Voices Feb. 2019

Age 7:  Check if son is dyscalculic. He shows difficulties with math at school and while doing his homework, especially with arithmetic and math factors. He's been to a psychomotricist for 4 years and his therapist is working mainly on his visuospatial development, working memory, and attention. I need help to make him understand math concepts and patterns, to get better scores in his evaluations at school and to think math can be challenging and fun. 

Age 8: My son has a hard time grasping math. We need strategies!

Age 8: Daughter having difficulty with math concepts. We need testing and strategies to help. 

Age 9:  I am the parent of a child recently diagnosed with dyscalculia. I need strategies to help my daughter with math homework. 

Age 9: My son is experiencing difficulties with math. Is this an LD?

Age 10: Daughter is struggling with maths. Is in 4th grade with maybe a second grade ability of maths. I need help getting my daughter tested for Dyscalculia.

Age 10:  My child excels in all subjects except for math. She has difficulty taking tests, especially online. She is far below grade level. Part of our issue is that her math teacher is a generalist and this is her first year of teaching math. She is athletic and participates in choir. We need help in finding a way to help her learn. She has tutoring but does not retain this knowledge. 

Age 11: Severe issues with basic math concepts. I need tools to help my child.

Age 11:  She is in 5th grade and does not know multiplication facts or division.

Age 12:  My daughter has great difficulty with math. Is it a math diability?

Age 13: I suck at math and often times pay attention in class then afterwards have no idea how to do anything. I want to know if you think I have it, before I get tested.

Age 15: I have all of these things. I'm so bad at math. Please help!

Age 16:  All of these difficulties! What to do now?

Age 17:  My son is experiencing difficulties with math. I need help with testing and teaching him math.

Age 18:  Reading numbers and number combinations incorrectly.  Bad at math.

Age 20: Spent my whole life struggling with math at a basic level. Just wanted to know if there's any way to receive even a semi-formal acknowledgement or diagnosis by some form of authority on the subject.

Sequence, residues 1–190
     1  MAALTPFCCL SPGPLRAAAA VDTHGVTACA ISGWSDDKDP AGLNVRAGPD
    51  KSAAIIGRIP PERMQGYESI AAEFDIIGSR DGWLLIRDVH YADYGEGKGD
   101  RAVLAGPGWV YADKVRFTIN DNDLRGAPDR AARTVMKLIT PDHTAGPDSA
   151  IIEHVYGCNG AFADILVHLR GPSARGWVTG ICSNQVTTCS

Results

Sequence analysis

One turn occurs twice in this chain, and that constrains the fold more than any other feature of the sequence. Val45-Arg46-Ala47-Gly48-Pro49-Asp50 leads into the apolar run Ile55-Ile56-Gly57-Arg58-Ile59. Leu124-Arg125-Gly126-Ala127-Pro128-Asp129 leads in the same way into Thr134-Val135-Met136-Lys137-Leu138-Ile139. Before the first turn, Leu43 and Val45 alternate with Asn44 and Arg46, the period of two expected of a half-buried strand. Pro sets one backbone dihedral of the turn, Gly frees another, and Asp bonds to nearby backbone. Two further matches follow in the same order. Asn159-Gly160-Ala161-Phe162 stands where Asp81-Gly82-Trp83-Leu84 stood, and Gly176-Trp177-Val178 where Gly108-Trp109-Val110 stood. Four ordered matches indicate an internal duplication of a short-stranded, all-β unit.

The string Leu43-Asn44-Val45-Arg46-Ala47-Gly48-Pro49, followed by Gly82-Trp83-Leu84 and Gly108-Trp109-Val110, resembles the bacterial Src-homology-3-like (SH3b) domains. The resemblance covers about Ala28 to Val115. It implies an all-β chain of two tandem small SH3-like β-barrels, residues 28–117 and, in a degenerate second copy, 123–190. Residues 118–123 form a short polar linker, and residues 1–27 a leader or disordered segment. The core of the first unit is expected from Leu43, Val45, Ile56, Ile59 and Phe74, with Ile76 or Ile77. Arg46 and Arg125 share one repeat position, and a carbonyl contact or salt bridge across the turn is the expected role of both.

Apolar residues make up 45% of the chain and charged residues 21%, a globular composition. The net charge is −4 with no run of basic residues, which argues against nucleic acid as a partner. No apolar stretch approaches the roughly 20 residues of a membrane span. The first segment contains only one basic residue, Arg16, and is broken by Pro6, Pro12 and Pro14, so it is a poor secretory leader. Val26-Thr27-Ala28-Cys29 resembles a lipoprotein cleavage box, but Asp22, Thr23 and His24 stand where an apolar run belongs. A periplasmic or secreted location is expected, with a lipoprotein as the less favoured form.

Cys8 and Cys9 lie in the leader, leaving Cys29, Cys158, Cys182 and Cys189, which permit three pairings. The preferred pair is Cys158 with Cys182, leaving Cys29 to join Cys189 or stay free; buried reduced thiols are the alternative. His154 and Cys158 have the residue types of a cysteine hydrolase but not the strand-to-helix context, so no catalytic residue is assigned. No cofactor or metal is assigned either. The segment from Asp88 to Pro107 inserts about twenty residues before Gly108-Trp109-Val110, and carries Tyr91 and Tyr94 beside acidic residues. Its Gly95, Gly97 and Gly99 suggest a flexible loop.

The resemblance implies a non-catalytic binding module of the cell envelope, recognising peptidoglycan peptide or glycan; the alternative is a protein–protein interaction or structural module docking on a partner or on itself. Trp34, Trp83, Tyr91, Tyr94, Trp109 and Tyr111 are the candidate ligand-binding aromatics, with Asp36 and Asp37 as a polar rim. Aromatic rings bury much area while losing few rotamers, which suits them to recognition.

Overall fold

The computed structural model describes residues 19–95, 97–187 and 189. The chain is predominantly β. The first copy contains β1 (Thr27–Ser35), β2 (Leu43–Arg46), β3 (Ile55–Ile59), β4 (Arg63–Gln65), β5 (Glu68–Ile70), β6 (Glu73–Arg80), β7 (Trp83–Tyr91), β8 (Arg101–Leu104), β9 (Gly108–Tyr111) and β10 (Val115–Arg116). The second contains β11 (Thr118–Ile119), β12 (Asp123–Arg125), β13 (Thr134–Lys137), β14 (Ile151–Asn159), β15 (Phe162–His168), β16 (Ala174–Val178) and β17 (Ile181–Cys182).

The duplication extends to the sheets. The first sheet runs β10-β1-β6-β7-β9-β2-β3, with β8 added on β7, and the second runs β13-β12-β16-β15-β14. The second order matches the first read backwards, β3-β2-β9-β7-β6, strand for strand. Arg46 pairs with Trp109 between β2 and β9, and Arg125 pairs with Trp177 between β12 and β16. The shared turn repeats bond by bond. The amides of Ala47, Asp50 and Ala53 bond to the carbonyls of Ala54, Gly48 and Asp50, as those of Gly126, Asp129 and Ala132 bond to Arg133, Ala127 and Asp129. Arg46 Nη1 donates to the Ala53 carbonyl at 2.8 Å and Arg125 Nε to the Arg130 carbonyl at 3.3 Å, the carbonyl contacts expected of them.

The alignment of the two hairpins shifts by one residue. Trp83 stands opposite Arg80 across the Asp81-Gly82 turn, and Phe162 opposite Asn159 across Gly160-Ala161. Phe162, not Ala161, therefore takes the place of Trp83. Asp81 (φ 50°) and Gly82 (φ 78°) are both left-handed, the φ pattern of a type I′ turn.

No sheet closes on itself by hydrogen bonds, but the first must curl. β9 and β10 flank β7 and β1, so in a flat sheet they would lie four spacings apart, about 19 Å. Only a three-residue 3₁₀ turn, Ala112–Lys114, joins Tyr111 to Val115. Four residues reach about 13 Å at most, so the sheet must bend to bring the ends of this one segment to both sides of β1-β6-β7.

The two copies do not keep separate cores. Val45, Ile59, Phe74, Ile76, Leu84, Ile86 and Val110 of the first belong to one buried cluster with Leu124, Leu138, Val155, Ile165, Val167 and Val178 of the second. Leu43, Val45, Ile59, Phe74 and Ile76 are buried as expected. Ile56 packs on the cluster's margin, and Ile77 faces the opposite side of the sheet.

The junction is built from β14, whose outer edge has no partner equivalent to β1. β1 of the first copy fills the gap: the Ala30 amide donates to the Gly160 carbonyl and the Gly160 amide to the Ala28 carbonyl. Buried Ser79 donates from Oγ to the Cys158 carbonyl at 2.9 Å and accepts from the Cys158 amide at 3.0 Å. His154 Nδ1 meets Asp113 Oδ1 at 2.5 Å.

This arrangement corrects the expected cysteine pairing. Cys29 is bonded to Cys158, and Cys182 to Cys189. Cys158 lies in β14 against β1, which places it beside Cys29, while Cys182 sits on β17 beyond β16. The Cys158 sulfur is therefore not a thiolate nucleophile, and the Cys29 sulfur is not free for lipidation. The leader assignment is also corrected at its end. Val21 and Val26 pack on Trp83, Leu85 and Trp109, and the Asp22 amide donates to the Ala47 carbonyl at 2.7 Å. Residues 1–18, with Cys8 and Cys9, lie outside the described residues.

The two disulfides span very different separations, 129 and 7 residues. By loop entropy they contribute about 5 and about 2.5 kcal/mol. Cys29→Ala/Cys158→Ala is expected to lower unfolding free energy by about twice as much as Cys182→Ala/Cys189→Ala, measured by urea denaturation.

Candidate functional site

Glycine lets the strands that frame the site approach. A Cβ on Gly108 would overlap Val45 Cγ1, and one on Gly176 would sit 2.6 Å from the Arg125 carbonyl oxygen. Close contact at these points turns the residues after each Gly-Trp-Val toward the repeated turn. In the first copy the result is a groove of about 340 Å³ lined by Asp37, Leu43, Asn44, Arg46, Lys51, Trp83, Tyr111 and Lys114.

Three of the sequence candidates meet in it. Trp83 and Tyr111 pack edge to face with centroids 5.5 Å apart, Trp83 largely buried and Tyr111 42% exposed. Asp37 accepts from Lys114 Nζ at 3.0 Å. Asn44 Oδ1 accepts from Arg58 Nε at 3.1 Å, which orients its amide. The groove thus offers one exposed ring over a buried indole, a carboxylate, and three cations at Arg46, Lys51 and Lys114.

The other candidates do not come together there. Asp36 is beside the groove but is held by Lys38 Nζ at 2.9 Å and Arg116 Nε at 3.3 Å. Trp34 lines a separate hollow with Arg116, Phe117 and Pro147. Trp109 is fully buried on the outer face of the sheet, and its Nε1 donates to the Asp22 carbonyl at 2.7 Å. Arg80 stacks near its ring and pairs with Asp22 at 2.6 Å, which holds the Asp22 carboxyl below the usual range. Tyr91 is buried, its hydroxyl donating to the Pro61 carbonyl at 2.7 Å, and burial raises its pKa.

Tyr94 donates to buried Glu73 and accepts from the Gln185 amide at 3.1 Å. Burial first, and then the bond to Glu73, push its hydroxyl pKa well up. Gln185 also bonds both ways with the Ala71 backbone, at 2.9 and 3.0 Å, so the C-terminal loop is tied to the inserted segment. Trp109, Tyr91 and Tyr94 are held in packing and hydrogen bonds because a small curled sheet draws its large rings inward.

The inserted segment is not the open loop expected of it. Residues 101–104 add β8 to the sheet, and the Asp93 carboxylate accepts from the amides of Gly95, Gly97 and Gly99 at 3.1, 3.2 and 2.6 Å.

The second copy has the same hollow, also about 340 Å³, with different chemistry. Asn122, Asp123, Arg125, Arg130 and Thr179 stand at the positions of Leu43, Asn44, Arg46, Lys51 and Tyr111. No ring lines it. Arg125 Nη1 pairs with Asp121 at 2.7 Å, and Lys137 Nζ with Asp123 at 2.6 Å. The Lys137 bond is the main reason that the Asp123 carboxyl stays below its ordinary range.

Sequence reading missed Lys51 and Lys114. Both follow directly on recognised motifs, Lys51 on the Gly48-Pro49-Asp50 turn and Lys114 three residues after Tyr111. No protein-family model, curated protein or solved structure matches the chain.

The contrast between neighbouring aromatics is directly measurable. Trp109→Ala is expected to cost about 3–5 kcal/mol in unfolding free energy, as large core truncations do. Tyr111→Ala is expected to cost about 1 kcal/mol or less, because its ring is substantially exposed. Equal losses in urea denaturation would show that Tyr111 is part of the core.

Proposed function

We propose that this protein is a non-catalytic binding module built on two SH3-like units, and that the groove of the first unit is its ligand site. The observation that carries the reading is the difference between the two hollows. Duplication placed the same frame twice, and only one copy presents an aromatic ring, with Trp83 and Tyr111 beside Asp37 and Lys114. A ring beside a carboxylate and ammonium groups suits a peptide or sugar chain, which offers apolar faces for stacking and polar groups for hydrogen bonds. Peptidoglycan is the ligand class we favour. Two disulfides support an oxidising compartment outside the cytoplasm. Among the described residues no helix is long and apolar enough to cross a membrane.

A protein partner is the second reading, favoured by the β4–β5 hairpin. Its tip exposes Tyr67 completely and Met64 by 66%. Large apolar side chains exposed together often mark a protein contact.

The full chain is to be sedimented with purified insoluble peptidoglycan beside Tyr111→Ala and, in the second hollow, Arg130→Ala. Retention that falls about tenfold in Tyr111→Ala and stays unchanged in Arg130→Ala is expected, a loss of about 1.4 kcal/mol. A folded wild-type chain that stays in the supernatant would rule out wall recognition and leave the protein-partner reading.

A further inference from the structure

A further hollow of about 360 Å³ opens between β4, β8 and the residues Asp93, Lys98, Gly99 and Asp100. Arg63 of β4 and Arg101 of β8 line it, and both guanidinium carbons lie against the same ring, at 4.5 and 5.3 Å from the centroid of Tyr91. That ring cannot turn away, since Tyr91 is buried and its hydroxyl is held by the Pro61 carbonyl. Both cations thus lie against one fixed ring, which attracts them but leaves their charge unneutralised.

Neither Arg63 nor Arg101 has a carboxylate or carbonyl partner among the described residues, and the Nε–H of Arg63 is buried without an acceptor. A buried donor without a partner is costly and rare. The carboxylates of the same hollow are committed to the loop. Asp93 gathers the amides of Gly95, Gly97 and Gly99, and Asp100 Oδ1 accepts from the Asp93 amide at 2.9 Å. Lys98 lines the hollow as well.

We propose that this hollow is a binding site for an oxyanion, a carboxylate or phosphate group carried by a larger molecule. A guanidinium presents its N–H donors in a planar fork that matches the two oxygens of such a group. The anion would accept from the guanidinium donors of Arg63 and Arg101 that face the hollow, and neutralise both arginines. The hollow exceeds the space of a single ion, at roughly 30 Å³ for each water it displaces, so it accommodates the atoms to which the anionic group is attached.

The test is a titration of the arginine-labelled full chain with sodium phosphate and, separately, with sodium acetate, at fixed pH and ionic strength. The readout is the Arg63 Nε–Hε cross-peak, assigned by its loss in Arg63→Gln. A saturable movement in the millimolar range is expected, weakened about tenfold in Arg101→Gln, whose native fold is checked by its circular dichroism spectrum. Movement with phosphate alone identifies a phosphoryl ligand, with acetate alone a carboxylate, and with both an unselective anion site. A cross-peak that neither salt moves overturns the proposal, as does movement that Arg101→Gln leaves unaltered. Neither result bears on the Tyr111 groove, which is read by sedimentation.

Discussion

Age 20:  I've always struggled with math problems, like all my life. Even today, I still have trouble understanding many problems and it's so annoying. I can read well and comprehend what I read, but once math is involved, my brain is like, "nope!" I'm honestly not sure. Maybe if there is a treatment, I can get help, but I doubt it.

Age 22:  Confusing numbers with each other. Can’t do simple math problems that peers can do. I need help with how not to confuse numbers with each other, such as 4 and 7, and relearning basic arithmetic. 

Age 25: I have always had difficulties with numbers ever since I can remember. I just finally want an answer.

Age 27: I think I'm dumb in math. I have so many of these symptoms.

Age 31:  I have repetedly failed remedial college math courses. My current community college has a DSPS department, however, that department does not see Dyscalculia as a disability. They focus on mental & physical disabilities. Tutoring services on my campus are unreliable and limited to 30 minute sessions. I have trouble with Algebra I & Algebra ll. I have trouble with college-level algebra. I have trouble remembering things long-term. I have trouble remembering & understanding math equations. I am not good at Math, nor am I good at English. I am an American-born citizen, but I cannot write at college level. How do I request Learning Disability accomodations for remedial math courses in college?

Age 35: I am terrible in math. I have all of these symptoms. I need so much help!

Age 37:  Stuggled for years with math and writing. I struggle with spelling and sounding out words I'm not familiar with. Can you help me learn math and writing?

Age 38: If I am dyscalculia, and if so, I need to show proof for college?

Age 47: I can do addition and subtraction in my head with a format that, when I explain to people how I got the correct answer, makes them state that “you go about that in such a difficult way!”, but it’s quite easy for me. However, I’m unable to “show my work” without taking quite a long time to work it out on paper (which looks like a scribbled train wreck when I’m finished), and often will have it wrong. I was accused of cheating on a test in high school because I solved all the problems in my head and just wrote the answer down when the teacher requested that we show our work for each problem. Why does this happen to me?

Age 60:  I have all the symptoms! Why am I so useless with numbers?